Gregg Edeson, PA Consulting utility reliability and resiliency lead, discusses the preventative power shut off to hundreds of thousands in California to avoid sparking a wildfire, and the technologies that utilities are using to more effectively select the which equipment to take offline.
The article notes that Pacific Gas and Electric Co. took the unprecedented action of shutting off power to hundreds of thousands of customers to prevent its power lines from causing wildfires, leaving entire communities in northern California with unlit homes, businesses and streets, as well as useless appliances.
Beginning at 12 a.m. on Oct. 9, the PG&E Corp. subsidiary shut off power to more than 500,000 customers in 22 counties, including those in the North San Francisco Bay area because dry, hot and windy weather increased the potential that its power lines could set off wildfires. However, the PG&E utility delayed, until around noon, plans to cut power to an additional 230,000 customers in 10 additional counties and parts of Mendocino and Calaveras counties that didn't lose power earlier. A third phase of shutoffs was planned for another 40,000 customers in the southernmost portion of its service territory, including Santa Barbara and Kern counties.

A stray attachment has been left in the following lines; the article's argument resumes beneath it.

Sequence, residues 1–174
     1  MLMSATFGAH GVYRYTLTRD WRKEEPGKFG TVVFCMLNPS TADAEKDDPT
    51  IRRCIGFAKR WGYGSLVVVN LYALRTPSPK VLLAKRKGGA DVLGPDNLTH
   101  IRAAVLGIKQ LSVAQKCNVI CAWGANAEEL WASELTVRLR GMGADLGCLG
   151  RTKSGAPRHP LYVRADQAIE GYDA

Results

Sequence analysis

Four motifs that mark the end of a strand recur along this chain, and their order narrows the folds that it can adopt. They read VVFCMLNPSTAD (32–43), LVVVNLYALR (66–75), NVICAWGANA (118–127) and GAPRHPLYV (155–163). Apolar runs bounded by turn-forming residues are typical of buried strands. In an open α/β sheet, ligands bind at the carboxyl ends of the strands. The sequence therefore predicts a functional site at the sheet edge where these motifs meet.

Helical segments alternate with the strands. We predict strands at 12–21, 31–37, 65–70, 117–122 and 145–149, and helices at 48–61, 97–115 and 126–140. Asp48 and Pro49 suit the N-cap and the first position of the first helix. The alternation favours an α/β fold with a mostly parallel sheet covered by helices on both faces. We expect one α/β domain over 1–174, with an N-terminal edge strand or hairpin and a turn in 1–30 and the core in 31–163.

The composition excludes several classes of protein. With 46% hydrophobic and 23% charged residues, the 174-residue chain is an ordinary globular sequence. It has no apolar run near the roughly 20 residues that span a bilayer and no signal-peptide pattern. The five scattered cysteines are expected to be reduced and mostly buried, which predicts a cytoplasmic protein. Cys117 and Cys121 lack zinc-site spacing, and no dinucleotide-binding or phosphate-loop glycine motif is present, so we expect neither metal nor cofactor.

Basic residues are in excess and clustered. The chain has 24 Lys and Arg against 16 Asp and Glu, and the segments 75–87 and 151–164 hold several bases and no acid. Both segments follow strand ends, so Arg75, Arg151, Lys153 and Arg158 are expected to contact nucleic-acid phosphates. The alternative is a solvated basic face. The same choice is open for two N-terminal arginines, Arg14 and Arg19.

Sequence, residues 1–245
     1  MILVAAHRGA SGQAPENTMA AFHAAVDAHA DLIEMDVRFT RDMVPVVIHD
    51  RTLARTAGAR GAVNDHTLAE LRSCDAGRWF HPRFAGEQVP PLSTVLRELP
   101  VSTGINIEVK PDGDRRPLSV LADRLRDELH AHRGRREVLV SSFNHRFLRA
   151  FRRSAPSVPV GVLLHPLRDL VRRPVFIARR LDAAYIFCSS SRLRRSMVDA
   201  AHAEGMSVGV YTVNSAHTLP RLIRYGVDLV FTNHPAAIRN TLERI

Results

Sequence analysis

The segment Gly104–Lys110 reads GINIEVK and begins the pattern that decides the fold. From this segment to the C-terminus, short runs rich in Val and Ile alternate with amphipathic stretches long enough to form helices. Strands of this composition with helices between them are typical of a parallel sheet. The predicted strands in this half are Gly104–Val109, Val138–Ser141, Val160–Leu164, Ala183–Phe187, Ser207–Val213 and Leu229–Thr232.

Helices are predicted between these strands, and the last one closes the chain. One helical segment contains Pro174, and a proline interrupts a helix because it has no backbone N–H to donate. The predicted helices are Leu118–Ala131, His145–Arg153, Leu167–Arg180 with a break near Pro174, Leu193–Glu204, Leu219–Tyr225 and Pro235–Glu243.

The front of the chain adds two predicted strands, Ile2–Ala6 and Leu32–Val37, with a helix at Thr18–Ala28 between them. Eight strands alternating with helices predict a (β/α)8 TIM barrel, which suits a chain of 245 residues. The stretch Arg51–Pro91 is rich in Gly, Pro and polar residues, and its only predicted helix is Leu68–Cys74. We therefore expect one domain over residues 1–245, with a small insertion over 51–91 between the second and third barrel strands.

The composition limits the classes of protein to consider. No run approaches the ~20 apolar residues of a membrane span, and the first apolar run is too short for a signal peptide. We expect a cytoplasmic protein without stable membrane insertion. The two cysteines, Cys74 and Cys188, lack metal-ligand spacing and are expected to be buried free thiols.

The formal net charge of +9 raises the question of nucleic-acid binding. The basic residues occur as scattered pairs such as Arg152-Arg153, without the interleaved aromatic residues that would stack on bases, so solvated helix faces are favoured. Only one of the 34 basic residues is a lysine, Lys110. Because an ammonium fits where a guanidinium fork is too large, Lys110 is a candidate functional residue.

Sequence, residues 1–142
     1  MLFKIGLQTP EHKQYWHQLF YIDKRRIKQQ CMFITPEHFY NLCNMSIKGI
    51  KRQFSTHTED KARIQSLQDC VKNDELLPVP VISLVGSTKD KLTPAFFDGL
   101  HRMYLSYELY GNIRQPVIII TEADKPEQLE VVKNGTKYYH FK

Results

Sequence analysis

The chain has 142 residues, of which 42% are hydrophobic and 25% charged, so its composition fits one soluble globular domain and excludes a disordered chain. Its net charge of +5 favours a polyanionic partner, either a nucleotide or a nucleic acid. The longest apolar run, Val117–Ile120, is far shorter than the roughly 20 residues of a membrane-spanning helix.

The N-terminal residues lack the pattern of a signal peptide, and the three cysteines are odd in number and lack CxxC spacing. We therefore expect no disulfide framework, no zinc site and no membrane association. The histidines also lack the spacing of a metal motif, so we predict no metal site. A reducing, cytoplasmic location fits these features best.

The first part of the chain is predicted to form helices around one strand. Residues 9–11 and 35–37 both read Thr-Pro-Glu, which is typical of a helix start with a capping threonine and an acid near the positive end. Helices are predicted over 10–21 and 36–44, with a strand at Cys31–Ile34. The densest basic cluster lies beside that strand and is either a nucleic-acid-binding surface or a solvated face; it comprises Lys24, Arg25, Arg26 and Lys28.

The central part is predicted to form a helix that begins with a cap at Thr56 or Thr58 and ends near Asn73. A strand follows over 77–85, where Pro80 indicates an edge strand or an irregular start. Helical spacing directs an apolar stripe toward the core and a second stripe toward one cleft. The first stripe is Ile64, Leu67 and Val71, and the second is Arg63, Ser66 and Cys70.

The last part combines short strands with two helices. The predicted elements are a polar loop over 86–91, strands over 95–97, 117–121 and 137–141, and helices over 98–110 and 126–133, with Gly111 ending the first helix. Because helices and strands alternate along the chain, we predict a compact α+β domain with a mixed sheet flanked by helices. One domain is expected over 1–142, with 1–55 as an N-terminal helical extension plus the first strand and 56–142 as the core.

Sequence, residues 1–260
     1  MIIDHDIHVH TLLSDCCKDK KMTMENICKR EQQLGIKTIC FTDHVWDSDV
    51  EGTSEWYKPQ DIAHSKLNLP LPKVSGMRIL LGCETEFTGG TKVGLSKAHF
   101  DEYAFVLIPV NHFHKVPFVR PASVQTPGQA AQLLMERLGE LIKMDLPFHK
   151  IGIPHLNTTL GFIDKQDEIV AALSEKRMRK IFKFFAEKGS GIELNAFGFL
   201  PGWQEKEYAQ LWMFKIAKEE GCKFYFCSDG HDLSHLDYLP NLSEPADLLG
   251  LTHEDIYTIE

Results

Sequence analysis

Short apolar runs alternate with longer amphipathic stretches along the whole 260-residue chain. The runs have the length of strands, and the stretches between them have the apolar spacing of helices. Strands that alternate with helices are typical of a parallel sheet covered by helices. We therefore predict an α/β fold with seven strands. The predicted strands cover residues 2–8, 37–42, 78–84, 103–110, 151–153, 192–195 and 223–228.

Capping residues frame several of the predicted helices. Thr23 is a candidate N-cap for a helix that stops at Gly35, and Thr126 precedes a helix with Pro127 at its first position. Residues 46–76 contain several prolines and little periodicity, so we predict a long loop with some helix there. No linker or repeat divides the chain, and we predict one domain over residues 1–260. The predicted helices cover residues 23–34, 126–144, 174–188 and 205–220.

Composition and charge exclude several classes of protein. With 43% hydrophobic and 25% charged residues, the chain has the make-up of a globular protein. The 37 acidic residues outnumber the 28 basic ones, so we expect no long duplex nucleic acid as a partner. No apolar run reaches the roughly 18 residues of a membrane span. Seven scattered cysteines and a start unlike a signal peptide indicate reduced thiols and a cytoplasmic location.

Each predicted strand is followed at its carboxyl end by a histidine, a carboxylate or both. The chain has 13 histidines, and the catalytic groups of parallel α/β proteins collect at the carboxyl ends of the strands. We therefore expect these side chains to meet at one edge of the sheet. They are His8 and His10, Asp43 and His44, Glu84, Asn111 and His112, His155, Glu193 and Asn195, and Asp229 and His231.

The shutoffs were planned to affect 34 counties in northern and central California, and PG&E warned it might not be able to restore power for several days. Even after severe weather conditions subside, the utility's crews will have to patrol power lines and repair damaged equipment before it reenergizes its equipment. In most cases, the utility said it expects to restore power within 24 to 48 hours after emergency weather conditions pass but suggested customers prepare for multiple-day outages.
Moreover, the utility expects the hazardous conditions to continue through midday Oct. 10. Peak winds of up to 60 to 70 mph were expected at higher elevations during morning hours. The company opened a number of community centers, but multiple school closings were reported due to the outages. The centers were opened to provide restrooms, bottled water, air-conditioned seating, phone charging and updates for customers.
However, the utility's website was down for several hours during Oct. 10, making communication between the utility and its customers difficult. Moreover, customers with special medical needs also had their power cut. But the company said emergency facilities, such as hospitals, fire and police stations typically use backup generators to remain open.
Gregg said weather conditions are impacting all of California's major utilities, but PG&E has the most exposure because 34% of its service territory is in high fire hazard areas where more than 70,000 miles of overhead conductors are located.
He adds that wildfire exposure and utility disruptions will continue to be major problems for years to come. Over the next several years, PG&E and other utilities will refine their proactive approach to power outages to the point where eventually they can use more of a "scalpel" approach instead of de-energizing entire counties. Use of drones, high-resolution cameras and computer technology to evaluate equipment conditions and feeder circuit isolation schemes will enable utilities to more effectively choose what equipment to take offline.
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